M is the sum of the reciprocals of the consecutive integers from 201 to 300, inclusive. Which of the following is true?
(A) 1/3 < M < 1/2
(B) 1/5 < M < 1/3
(C) 1/7 < M < 1/5
(D) 1/9 < M < 1/7
(E) 1/12 < M < 1/9
Correct Answer: A
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You’ll find tons of practice questions, explanations for GMAT Official Guide questions, and strategies on our GMAT Question of the Day page.
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Here’s a tough function question from the GMAT Prep tests 1 and 2:
And a very challenging word problem from the Official Guide. Almost no-one gets this one on the first try but there is a somewhat simple way through it:
Last Sunday a certain store sold copies of Newspaper A for $1.00 each and copies of Newspaper B for $1.25 each, and the store sold no other newspapers that day. If r percent of the store’s revenues from newspaper sales was from Newspaper A and if p percent of the newspapers that the store sold were copies of newspaper A, which of the following expresses r in terms of p?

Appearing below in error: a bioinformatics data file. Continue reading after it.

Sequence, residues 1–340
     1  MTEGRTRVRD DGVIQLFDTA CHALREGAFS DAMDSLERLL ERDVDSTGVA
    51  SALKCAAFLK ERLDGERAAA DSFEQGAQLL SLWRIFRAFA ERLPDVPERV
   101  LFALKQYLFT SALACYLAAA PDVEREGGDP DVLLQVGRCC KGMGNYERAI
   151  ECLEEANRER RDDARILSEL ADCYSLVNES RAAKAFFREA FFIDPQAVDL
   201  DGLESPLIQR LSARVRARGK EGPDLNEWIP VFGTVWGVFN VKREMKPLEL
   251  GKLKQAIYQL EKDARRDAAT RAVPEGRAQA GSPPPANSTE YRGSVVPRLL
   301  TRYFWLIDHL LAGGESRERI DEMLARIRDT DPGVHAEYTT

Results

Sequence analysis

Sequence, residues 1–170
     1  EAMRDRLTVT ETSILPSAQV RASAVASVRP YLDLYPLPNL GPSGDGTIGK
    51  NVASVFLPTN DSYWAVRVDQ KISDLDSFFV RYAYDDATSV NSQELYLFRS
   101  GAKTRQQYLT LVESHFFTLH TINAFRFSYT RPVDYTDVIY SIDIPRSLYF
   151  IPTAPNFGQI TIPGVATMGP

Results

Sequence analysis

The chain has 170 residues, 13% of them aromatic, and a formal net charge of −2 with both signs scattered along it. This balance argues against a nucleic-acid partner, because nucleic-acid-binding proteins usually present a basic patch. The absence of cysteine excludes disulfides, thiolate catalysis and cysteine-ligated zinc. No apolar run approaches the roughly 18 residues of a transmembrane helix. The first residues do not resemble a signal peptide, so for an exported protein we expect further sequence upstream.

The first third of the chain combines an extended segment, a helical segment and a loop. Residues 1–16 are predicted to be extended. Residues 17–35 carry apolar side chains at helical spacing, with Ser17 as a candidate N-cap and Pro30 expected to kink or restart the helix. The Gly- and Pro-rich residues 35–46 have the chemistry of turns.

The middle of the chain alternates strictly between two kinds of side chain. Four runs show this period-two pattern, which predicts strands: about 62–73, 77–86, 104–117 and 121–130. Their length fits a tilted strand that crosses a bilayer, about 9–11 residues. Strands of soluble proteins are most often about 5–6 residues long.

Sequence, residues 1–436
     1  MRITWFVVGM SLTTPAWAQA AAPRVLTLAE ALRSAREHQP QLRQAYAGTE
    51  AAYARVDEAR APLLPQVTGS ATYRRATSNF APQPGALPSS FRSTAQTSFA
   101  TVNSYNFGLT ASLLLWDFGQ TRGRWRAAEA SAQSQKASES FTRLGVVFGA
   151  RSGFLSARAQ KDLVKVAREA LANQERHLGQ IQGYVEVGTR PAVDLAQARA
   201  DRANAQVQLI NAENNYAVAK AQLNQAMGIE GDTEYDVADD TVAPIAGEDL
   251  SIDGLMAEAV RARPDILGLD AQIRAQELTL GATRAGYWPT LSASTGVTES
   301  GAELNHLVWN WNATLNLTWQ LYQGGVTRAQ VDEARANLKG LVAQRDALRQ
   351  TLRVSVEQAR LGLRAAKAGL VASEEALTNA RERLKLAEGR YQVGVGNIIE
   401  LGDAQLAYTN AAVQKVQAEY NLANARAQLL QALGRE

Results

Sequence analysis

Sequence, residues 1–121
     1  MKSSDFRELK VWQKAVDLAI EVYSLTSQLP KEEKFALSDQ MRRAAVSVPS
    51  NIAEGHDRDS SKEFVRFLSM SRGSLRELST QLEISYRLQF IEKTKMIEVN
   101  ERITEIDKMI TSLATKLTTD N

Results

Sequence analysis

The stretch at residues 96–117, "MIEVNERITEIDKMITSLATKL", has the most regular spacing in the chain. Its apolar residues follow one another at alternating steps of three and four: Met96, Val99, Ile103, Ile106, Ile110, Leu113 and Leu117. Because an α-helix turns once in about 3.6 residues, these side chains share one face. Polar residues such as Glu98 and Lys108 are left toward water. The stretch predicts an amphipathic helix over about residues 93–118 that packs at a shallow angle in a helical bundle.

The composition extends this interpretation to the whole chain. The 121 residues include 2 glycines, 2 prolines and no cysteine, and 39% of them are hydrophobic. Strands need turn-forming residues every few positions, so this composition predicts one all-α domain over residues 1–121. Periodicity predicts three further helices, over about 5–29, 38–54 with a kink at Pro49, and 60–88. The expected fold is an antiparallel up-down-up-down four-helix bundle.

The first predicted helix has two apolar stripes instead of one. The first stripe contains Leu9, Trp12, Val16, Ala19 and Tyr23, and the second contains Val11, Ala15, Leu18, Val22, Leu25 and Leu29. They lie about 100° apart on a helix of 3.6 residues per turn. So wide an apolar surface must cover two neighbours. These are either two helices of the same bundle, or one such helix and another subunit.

Tanya’s letters from the GMAT Prep tests. This one often gets GMAT tutoring students caught up in a tangled net. With combinatorics it’s important to stay practical. We’ll take a look at how to do that in the explanation:
Tanya prepared 4 different letters to be sent to 4 different addresses. For each letter, she prepared an envelope with its correct address. If the 4 letters are to be put into the 4 envelopes at random, what is the probability that only 1 letter will be put into the envelope with its correct address?
Here’s an exponents puzzle that comes up a lot in GMAT tutoring sessions:
This is one of the most difficult questions in the GMAT universe. That said, there is a simple way to solve it that relies on a fundamental divisibility rule every GMAT studier should know:
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